Fort Myers had humble beginnings as a small fishing village back in the 1880s when Thomas Edison planted the first royal palm on McGregor Boulevard. Today, there's an army of palms towering over the town — a protective canopy over Edison's winter haven. Gracious homes, ordained with flowers and landscaping, magnify the beauty that Fort Myers was blessed with naturally. Today's town is a historic, cultural and recreational hub for southwest Florida.
The sights and sounds of the town are deliciously entertaining, and there are no crowds or long lines. Cultural activities abound with music, theater and art while the history of past lives adds character and charm to the city that claimed the hearts of American greats such as Thomas Edison and Henry Ford.
Sitting on the banks of the Caloosahatchee River which connects to the Gulf, Fort Myers excels in water sports of all kinds. Got fishing? Of course! Also have sailing, water-skiing and power boating. Land sports are plentiful as well. More than 100 golf courses are within a short ride of town. What better place to take to nature trails than here where the manatees play and dolphins dance on the surf. Canoeing, swimming and camping enhance the pleasures of perfect weather and soothing breezes that massage the inner spirit.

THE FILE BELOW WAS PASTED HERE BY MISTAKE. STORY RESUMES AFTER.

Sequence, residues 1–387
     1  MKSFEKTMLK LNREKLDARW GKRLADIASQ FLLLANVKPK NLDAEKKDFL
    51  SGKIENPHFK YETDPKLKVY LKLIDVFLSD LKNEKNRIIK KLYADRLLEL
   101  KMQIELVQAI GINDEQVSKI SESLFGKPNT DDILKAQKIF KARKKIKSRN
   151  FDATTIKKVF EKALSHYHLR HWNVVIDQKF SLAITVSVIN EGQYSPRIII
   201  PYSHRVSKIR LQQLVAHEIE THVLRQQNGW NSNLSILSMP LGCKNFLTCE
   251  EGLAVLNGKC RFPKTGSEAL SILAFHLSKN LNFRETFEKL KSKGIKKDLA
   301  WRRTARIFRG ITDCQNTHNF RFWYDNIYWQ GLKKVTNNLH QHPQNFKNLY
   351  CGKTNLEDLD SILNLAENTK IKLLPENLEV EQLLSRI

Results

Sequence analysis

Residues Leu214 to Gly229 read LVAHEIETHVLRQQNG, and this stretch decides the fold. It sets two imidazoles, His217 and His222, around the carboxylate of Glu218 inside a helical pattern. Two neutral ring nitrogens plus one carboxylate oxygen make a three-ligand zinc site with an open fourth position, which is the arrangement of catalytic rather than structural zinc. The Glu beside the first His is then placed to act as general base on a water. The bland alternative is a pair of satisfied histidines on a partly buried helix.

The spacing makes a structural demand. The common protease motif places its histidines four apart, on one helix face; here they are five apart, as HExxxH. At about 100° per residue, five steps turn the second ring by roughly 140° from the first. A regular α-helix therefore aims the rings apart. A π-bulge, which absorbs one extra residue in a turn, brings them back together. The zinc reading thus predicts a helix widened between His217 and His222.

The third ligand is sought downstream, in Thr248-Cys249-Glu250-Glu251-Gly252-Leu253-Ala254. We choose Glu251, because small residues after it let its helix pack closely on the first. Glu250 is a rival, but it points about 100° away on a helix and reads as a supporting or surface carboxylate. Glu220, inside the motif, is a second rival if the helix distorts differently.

Fort Myers Beach is just minutes away. Soft white sands stretching for miles against the gentle Gulf tides, exotic wildlife sunbathing in the balmy breezes, and long walks along the quiet shore while pelicans cluster overhead are all part of the scene at Fort Myers Beach. The quiet beauty of the beach has a soothing effect on the soul — the wind whispers sweet nothings and the music of the tide softly rumbles in the background. After a day of seeing the sights, there's no better place to roam. Here, the sun sets in a fireworks applause to the day's happy ending.
Fort Myers is about 125 miles from Tampa on I-75 South.